“Historically the district did not sell property but they need the money,” excitedly theorizes Pat Chemnick of Southeast Effective Development (SEED) on the phone.

Being in the center of the neighborhood, it is an enticing piece of land with real possibilities. The fate of the property could make a real impact on the dynamic of the neighborhood that is facing ongoing growth while simultaneously fighting gentrification. The majority of interest has been expressed by non-profit organizations seeking to make a difference and viewing the property as a prime location to do so.

“The people at the meeting loved the idea of Bike Works or multiple non-profit organizations operating on the ground floor for mixed use. They got wildly excited about that. But the school district wasn't interested in selling and they were really sort of dodgy about they wanted to do with it (Columbia school building),” remembers Ayres, explaining the interest that was generated the first time the school went vacant.

Bike Works has not readily expressed interest in the building this time around, having been denied the first time.
“Arts in motion is another example. Zion Prep is interested in the space as well,” says Barkan as he rattles off endless ideas for the building if its spaces were up for grabs.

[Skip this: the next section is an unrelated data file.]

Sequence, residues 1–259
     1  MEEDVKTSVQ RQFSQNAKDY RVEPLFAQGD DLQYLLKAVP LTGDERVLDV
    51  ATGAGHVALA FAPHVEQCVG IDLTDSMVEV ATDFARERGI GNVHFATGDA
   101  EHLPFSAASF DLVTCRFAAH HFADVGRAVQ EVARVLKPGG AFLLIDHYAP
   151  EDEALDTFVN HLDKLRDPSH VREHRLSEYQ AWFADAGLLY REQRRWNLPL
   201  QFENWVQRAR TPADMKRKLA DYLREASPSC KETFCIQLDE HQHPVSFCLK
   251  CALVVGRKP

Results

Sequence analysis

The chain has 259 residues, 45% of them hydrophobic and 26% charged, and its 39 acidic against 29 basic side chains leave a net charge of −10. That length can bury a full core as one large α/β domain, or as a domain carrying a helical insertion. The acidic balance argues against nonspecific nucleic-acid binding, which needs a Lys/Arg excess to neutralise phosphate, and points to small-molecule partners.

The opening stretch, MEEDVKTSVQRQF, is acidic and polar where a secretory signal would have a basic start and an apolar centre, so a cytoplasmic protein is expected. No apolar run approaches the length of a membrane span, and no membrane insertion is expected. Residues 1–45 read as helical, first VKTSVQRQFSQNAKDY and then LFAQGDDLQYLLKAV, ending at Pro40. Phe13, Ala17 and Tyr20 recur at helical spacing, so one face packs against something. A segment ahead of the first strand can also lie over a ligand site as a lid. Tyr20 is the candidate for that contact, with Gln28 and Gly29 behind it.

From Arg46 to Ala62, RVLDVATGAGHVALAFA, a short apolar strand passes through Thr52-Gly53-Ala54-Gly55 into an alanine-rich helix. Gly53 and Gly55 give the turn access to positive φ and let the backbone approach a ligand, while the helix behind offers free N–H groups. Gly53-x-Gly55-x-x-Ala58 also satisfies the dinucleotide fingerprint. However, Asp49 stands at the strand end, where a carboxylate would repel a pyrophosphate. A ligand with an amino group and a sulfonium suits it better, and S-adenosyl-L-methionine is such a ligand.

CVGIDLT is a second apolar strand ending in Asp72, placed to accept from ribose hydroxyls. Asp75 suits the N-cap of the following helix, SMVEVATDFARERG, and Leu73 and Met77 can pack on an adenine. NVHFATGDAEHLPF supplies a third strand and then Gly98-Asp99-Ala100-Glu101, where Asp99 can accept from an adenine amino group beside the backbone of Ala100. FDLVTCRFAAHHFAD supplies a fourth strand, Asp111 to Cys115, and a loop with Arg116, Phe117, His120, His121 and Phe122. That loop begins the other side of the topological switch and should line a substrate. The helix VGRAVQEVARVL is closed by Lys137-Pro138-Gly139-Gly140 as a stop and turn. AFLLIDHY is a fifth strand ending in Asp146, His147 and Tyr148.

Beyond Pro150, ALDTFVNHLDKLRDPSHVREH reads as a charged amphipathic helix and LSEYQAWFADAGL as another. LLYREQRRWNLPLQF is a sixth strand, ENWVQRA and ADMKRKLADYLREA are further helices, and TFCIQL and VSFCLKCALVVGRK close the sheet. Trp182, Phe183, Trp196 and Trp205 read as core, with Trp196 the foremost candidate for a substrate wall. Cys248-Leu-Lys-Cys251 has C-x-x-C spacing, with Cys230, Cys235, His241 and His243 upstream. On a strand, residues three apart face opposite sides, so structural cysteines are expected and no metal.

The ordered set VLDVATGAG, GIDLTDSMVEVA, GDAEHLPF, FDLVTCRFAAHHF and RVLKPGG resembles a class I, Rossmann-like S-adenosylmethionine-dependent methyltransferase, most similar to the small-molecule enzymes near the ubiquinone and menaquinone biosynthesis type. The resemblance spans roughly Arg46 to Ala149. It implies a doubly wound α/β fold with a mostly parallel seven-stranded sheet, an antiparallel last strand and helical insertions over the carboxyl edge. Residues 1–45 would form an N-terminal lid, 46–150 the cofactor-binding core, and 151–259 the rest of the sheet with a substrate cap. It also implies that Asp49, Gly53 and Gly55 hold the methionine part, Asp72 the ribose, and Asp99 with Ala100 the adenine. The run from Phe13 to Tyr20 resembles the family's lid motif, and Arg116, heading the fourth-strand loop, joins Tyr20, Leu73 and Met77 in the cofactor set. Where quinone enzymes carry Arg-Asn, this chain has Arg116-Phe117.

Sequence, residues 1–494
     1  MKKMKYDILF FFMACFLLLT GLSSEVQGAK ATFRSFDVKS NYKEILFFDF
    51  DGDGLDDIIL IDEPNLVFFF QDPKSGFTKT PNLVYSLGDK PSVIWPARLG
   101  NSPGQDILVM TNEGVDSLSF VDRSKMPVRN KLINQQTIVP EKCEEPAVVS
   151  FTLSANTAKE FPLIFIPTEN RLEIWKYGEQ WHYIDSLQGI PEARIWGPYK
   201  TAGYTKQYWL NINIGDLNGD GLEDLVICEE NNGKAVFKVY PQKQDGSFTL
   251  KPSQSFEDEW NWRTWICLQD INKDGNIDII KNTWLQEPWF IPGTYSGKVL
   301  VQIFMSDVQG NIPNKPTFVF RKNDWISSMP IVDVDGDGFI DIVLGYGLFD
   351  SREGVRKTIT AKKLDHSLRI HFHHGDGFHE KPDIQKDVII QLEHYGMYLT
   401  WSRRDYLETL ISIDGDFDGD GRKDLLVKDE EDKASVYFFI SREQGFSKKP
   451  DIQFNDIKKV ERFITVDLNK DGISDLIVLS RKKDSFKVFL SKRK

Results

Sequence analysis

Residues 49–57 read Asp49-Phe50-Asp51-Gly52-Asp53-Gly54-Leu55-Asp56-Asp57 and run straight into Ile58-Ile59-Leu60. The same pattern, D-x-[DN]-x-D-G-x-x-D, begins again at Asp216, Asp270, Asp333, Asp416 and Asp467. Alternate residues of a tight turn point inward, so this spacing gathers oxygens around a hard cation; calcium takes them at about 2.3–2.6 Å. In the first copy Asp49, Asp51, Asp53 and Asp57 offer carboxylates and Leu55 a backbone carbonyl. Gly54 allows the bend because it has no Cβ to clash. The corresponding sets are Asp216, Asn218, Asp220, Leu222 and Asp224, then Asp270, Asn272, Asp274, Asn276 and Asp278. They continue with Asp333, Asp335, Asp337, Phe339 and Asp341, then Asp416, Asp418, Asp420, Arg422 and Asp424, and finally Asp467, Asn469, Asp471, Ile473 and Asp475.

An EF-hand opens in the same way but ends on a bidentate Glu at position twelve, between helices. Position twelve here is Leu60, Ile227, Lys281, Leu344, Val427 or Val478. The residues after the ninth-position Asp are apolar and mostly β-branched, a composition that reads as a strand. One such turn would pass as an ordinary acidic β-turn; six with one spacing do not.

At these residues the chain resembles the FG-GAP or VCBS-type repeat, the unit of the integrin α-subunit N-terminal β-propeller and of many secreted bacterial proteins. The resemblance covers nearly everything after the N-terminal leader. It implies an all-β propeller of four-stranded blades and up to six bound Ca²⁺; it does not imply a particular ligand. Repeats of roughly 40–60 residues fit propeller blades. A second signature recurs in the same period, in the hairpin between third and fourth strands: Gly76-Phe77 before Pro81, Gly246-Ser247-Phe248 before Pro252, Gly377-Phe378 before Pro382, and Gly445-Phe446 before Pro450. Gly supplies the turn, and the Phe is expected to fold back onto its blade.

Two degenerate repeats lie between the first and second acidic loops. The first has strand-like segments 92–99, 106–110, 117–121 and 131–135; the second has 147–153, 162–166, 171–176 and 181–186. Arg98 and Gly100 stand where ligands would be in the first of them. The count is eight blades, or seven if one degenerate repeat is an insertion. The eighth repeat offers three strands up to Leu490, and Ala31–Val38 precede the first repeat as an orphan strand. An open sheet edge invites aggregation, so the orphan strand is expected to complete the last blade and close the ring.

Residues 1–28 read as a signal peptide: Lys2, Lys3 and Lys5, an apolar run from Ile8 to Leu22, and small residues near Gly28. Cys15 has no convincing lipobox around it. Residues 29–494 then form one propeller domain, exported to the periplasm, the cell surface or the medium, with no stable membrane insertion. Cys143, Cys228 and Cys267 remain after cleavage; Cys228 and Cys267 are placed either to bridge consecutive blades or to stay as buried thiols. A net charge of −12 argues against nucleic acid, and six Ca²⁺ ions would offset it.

Attachments become strong to buildings like this, buildings preceding their neighbors, epicenters of communities, a place of learning and old friend. Barkan explains that the property can be viewed as sort of owned in theory by a community because of this, a community asset.

“It can be one of those tools for fighting gentrification,” he says. A tool in a limited toolbox.

As these aspirations germinate, the community has been struggling for the last four years to communicate with the school district. Initiating a conversation has been generally unsuccessful and frustrating for the community.

“The real story is getting any information from the school district. It is irresponsible to ignore the dynamics of a community,” angrily exclaims Columbia City resident Rob Mohn on the phone.

Realizing the need to band together, Barkan, also a resident of Columbia City, helped found the group Friends of the Columbia School. The group's conception came to be about four years ago, right around the time it was made public that the building would eventually be closed. Discussions between neighbors and community members evolved into the group which is focused on organizing a cohesive and diverse voice amongst the community regarding the building. Their goal was to be prepared if the school came to them so they could explore questions surrounding financing the building, the historical aspect, and how these characteristics play into the development of the building and/or the property.